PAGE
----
How to Handle a Child with a Hitting Problem

Wednesday, July 20, 2016 @ 11:00 AM

Have you ever thought to yourself, “my child has a hitting problem.” It is not uncommon for children to express themselves through aggressive behavior. What is important to note is when a child is consistently responding to situations and people with aggressive and defiant behavior. As the parent, it is important to recognize the situations in which the hitting takes place, your child’s emotions in the situation, their actions (hitting and other responses), whom aggression is directed, and what might be triggering aggression.

As a parent, it is valuable to understand the limits and boundaries your child needs, to promote and encourage positive development and individual thriving.

According to Patty Wipfler stated, “Odd as it may seem, children who hit are children who are afraid…To manage the fear, the frightened child develops aggressive behavior that flares any time she feels scared when her fears are triggered, she tightens up, can’t ask for help, and lashes out.”

If a child hits, and is doing so because of feeling scared or vulnerable, it is especially important to address the behavior calmly. A child needs to feel safe and connected with you as the parent in addition to providing consistency when teaching and training a child in how to or not to engage with others. According to Dr. Joan Simeo Munson, for children between the ages of 18 – 20 months keep the instruction simple, while holding a child and telling him or her, “we don’t hit and it hurts”. Dr. Munson continues, for children 3-7 years old, they can begin to verbally communicate more of their experiences. Parents need to establish clear boundaries with their child and clear consequences, such as time at the park ends as soon as hitting happens. Children need to recognize hitting another child is severe and serious and results in loosing a privilege and consequence for behavior, especially if it places other children in a vulnerable situation.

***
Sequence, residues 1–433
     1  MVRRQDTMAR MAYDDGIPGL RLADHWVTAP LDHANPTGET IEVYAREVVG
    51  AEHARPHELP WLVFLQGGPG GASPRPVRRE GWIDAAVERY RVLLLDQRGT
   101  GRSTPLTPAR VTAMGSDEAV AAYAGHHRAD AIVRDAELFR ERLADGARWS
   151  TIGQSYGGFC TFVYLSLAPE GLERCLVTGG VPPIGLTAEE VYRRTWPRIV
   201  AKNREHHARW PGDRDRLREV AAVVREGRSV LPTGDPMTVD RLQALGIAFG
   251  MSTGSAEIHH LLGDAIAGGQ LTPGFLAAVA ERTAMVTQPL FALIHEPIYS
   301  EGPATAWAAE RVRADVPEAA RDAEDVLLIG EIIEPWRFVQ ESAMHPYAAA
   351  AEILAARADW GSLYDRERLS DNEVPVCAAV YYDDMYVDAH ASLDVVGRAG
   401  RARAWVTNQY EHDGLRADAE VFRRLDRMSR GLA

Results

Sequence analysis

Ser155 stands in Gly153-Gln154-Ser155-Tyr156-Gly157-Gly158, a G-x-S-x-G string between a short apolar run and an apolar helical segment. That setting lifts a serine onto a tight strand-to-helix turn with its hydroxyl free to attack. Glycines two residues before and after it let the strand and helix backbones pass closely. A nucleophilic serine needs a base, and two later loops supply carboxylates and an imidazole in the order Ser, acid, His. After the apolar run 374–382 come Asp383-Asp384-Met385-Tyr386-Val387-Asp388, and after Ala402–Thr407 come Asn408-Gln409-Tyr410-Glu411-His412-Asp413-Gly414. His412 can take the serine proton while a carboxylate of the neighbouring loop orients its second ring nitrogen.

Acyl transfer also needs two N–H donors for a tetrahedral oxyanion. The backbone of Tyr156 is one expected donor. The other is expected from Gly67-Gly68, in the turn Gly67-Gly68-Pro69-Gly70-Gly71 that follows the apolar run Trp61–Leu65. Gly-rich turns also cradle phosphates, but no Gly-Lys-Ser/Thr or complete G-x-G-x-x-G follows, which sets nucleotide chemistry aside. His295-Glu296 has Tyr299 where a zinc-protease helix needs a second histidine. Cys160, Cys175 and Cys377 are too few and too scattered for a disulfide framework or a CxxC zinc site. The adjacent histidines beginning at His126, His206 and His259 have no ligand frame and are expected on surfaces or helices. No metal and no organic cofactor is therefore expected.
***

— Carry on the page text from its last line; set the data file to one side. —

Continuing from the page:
Parents need to remember to not take personally the emotions of the child and to react emotionally and impulsively. Take time to recognize how the child is feeling and empathize with the child. Dr. Munson stated, “It’s easy to respond to your child’s aggression with yelling or anger, but remember, your child is looking to you for cues on how to control his impulses and have good behavior.” One method is to take a child’s hands, hold them, and focus on what his hands are for (helping, hugging, being gentle and kind to others, etc.) and not for harming and hitting others. It is important for the child to know they are connected with and that they are unconditionally loved.


Wipfler, P. 3 Tools to Stop the Hitting. Retrieved from

Munson, J.S. Hitting, Biting and Kicking: How to Stop Aggressive Behavior in Young Children. Retrieved from
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